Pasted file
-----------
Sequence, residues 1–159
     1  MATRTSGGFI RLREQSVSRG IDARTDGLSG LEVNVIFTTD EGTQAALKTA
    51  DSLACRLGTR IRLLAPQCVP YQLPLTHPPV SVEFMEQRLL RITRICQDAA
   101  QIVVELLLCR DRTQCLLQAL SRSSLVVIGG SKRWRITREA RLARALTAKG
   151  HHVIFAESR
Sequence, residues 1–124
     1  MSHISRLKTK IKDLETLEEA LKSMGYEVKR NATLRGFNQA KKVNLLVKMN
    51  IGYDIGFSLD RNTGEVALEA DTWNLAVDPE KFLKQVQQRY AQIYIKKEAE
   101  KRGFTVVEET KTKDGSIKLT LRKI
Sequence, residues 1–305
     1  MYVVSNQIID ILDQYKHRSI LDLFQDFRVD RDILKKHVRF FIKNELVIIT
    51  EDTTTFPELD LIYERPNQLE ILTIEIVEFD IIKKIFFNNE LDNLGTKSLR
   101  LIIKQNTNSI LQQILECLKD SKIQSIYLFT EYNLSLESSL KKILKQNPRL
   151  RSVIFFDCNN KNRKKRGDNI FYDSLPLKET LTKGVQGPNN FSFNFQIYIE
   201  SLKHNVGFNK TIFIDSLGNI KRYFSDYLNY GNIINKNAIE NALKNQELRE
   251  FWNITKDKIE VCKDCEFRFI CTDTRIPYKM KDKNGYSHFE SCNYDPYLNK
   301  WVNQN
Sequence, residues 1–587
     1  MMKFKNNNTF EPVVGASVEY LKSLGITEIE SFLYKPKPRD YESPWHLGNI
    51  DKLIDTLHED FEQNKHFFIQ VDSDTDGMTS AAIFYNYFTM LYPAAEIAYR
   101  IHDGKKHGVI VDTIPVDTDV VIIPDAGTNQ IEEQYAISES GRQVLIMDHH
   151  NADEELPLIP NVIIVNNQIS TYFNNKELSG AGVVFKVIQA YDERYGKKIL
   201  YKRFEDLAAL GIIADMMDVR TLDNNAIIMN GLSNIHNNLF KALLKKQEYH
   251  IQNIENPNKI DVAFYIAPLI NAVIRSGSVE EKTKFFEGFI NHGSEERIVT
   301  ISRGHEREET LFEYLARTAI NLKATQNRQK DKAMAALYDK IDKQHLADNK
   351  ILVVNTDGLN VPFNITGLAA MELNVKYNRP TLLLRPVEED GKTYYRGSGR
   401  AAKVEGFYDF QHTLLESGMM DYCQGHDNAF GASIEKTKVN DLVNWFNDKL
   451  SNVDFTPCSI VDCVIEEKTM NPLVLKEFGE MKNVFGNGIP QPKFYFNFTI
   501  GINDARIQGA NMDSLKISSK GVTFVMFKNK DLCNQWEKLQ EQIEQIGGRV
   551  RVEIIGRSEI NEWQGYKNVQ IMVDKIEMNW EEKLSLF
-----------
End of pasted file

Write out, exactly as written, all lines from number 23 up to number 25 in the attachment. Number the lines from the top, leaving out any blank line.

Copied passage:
   201  YKRFEDLAAL GIIADMMDVR TLDNNAIIMN GLSNIHNNLF KALLKKQEYH
   251  IQNIENPNKI DVAFYIAPLI NAVIRSGSVE EKTKFFEGFI NHGSEERIVT
   301  ISRGHEREET LFEYLARTAI NLKATQNRQK DKAMAALYDK IDKQHLADNK